When I go travelling (and that’s a very loose term, given I have never ventured beyond Australia), I spend a lot of time thinking about whether I have packed enough supplies to last me the distance. I give a lot of thought to how I will manage if I get stranded, lost, delayed or even robbed. I pack for the trip through airport security and the plane, in an attempt to make my load as light and convenient as possible.
What I don’t really give a lot of thought to, however, is how I will manage my diabetes on the trip. Travel tends to be a break from the daily grind, and diabetes management unintentionally tends to go onto the backburner. It’s also full of spontaneity which, for me, includes a lot of unplanned carbs (read: Cannoli) and physical activity.
This weekend, my travel plans were a little different to what I was used to. I wouldn’t be travelling by air, with the luxury of being able to sleep, write or watch Netflix from the comfort of my seat. I wouldn’t be sightseeing or walking a lot, either. I would be seated behind the wheel of my car, making a road trip three hours south of Perth to spend some time with family.
This time around, I was increasingly conscious of looking after my blood sugars while I was making my way through country roads at 110 kilometres per hour. I didn’t particularly want to be sharing screen time with my insulin pump, pricking my fingers or thinking all that much about blood sugars.
Even though I would inevitably be eating out, I was increasingly conscious of ordering something that would be simple to carb count. I chose bacon and eggs at a local Dome along the way, with an iced latte. I gave a small bolus for the coffee and half slice of toast that I ate, and ran an extended bolus to cover the protein over two and a half hours.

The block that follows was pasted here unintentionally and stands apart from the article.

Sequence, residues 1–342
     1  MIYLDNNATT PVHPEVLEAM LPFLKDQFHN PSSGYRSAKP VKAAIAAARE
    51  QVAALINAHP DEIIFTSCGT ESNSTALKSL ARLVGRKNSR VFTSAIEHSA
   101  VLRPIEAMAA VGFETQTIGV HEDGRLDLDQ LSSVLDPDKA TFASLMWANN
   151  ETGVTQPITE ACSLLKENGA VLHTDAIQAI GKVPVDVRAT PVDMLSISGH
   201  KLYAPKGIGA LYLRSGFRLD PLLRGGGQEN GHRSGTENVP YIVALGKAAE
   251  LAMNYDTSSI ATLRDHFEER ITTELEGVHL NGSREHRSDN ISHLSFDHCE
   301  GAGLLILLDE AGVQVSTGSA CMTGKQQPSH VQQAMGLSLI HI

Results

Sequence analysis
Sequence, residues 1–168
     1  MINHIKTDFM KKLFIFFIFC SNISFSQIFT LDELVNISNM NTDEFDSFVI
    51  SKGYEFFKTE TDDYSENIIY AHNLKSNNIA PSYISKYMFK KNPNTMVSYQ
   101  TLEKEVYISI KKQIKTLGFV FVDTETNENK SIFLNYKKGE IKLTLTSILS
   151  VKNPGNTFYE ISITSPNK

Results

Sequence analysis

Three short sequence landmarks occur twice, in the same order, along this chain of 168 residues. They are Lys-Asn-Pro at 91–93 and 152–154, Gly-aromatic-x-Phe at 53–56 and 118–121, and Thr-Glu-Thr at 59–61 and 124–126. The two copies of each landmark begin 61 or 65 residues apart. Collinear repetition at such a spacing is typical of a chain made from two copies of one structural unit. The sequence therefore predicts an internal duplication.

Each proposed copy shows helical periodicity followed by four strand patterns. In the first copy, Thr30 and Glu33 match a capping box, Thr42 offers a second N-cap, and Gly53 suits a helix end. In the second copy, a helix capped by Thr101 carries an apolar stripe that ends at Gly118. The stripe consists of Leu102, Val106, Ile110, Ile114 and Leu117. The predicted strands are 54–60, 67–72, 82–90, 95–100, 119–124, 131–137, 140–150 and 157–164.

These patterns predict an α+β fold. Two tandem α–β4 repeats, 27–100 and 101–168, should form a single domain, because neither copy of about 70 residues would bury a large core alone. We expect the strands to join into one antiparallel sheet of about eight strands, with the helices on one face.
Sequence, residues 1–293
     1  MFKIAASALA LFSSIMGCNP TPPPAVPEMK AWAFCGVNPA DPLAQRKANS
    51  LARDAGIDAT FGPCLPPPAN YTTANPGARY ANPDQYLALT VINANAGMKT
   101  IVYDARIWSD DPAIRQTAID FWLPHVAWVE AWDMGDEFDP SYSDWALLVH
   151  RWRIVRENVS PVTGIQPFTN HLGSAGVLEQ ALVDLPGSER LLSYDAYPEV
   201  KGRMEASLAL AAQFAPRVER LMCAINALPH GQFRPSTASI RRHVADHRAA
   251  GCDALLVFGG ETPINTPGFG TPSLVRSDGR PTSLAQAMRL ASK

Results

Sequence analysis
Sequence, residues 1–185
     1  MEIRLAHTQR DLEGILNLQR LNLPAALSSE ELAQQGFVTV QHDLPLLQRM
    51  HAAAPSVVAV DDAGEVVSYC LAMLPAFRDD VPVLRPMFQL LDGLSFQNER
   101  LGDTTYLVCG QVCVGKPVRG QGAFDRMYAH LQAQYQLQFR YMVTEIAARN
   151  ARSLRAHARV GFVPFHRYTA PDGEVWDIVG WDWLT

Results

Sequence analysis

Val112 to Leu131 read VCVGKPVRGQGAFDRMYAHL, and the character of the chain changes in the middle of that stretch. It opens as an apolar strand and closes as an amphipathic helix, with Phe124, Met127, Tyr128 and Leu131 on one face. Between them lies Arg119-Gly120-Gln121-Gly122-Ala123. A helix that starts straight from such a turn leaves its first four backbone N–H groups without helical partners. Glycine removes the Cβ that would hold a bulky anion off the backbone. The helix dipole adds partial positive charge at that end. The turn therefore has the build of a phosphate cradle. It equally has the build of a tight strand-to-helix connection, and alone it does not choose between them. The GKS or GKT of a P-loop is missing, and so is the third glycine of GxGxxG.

I might have pulled my Libre reader out three or four times during the drive home, which came back with a number that remained fairly steady the entire time. The most eventful moment was me needing to pull over to take off my jacket as the overcast south western skies transitioned into warm Perth sunshine.
I didn’t spend too much time thinking about my diabetes during the road trip, and the spectacular drive was a surprisingly nice mental break.
During a conversation over the weekend, one of my family members suggested that I must know my body really well, and how it reacts to all of the variables that affect blood sugars. It couldn’t be more spot on.
I have so much accumulated knowledge when it comes to managing my diabetes, and I definitely need to channel some of that into a better game plan next time I hit the road (which is more likely to be a plane).
I’ve vowed and declared never to fly again because of my Type 1 Diabetes. A trip to New Zealand a few years back left me very hyperglycaemic. As I was unable to remove the air bubbles from my cartridge I chose to remain pump free for the duration of the flight. Then there are all the security issues (read “sharps”). Road trips are also challenging, requiring regular blood tests (can’t afford a CGM and can only dream about Looping) because I’m forced to sit for a couple of hours minimum – far from my normal routine..
I have been at this for 44 years and I have no idea how many variables I know. What I do know for certain is that I no almost nothing. My body changes sometimes minute to minute.
For me the key is know that my body always changes, and unlike vacations, that will never end.